How I use the Sparx Sharpener
I was one of the early owners of the Sparx Skate Sharpener, having ordered back in January of 2016, and took delivery in August of the same year.
At the time, the wait seemed to take forever but, now, two years into ownership, I must say that this has been one of my very BEST (though also probably most expensive) hockey related purchases.
We have 5 skaters in the house.
My wife and I are occasional skaters at public skate, my 9 year old plays hockey at an elite level, my 7-year old is well on his way following his older brother's path, and my 3-year old is just getting started out on the ice.
Having so many skaters made the purchase a no-brainer.
So, in our house, nearly all of the sharpenings are on the kids skates and, frankly, I have no idea how great their edges are since, well, I'm not sure my kids even know what dull skates feel like.
Pretty rough problem to have, eh?
On a brand new pair of skates, right out of the box, I found that I had to do roughly 12 passes on each skate to get them sharpened. The Sparx documentation lists 10 but, for me anyway, the extra two passes are what made them feel like all of the other skates in the household.
One downside that some folks in my circle have pointed out is that the Sparx machine can't give you a custom radius so, if you're into that sort of thing, you'll still need to visit a professional skate sharpener to get you started.
We're not a family to reset the profile of our skates -- usually called the "radius" in skate sharpening circles -- so it's not an issue for us at all.
For those that don't know the term, when you buy new skates, the ends of the blades are kind of squared off. I mean, there's still a rounded corner but it's pretty square.
Some players prefer to have those edges ground off making their blade look more like a banana coming off of the plastic steel holder. The result -- provided the person who grinds off the front and back of the blade did it correctly -- is that there is less of the blade touching the ice at any given time.
More agility at the expense of stability is the idea.
If you, and your sharpener, really know what you're doing, the blade can be contoured to force you to lean more forward or backward on the skate as well but that requires heavy customization and, frankly, most skate sharpeners are just going to ruin your blade or you'll get accustomed to something that can never be replicated.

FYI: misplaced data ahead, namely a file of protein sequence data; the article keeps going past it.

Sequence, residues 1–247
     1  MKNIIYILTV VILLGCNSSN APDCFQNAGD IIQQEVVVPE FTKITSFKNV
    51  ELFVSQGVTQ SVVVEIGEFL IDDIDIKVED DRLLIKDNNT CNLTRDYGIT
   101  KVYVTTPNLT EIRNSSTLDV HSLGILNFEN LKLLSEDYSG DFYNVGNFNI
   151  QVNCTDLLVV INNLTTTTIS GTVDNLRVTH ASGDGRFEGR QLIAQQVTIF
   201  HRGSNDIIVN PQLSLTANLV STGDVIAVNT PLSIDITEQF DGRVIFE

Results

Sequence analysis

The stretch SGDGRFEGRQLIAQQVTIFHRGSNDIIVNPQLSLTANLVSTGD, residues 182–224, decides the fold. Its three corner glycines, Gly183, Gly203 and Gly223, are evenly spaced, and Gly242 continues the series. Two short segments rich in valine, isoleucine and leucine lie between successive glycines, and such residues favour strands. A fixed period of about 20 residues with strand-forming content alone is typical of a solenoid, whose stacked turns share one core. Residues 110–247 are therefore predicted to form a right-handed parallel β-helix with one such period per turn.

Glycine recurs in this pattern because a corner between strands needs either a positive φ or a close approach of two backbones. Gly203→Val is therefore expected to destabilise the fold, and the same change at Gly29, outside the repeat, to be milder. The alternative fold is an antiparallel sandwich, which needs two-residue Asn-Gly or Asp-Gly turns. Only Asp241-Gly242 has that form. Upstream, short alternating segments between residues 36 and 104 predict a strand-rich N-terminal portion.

If you look closely at professional players' skates, you'll notice it's a little like tongue-in or tongue-out on the skates where the more popular variation wavers from season to season. Professional players use both styles.
Side note, when I was a kid, I would not have been caught dead wearing a bubble or with non-leather gloves. On my son's teams today -- a majority wear bubbles and every single kid wears that synthetic nylon-like glove material.
Point is, styles change...and it's a style thing.
I'm just waiting for corduroy team jackets to make a comeback. Just wait. It'll happen.
One teammate of ours, who'd been skating on banana profiled blades since learning to skate, had trouble wearing a new pair of skates that hadn't had the "corners" ground off yet. His main issue was that the front corner was catching the ice on the front like a figure skaters toe pick might. Certainly frustrating.
At the same time, he would have gotten used to it in short order and it may have even improved his stride by forcing him to lift his feet more than shuffle them.
In the end though, it's little more than a preference thing and all what you get used to.
At the youth level -- the benefits of a custom radius are negligible, if they exist at all, and probably not worth the trouble, anyway.
All that said, even if you can't utilize a Sparx machine with a brand new pair of skates, straight outta the box, you can still use the Sparx for all of your follow-up sharpening once someone custom grinds the steel on the skates down to your preferred profile.
So, usually, I do a couple of passes on my kids skates every other week or so unless I notice a nick in the blade and this has been pretty successful for us.
It lengthens the life of the Sparx grinding ring (since we're using so few passes) and ensures my kids skates are never, ever, dull since we're sharpening all of the time.
It took over a year and a half for our first grinding ring to "run out"...which is a good thing.
Everyone I talk to that says "No way, too expensive" is looking at it as if it'll take over 100 sharpenings (or whatever your number is) to justify the investment.
That's far too simplistic -- think of all of the rinks you've been to that don't have a sharpening service?
Think of all the times you don't have enough cash on hand?
Or when you get there and see dozens of skates ahead of you in the queue.
Think of all the times, especially in my neck of the woods, that you make a trip out to the pro shop only to find they're not open for some unknown reason. Ugh!? Or maybe the "dude" that actually knows what he's doing isn't there when you need him to be.
All of those circumstances evaporate when you have a Sparx sharpener.
Two minutes, at home, anytime you want, and you have sharp skates. Done.
I'm not certain that ours has actually paid for itself yet, strictly by the numbers, but in my mind, it definitely has.
My kids haven't had dull blades for a single skate in almost two years and I've never once had to run out, unexpected, looking for a sharpen.
If you're on the fence, just check out some of the reviews and/or videos on YouTube. I was going to make a video here but it's really been done much better than I could do it already.
But really, even though the price has jumped a couple times since I made my purchase, it's still a great value.
Link: Sparx Hockey
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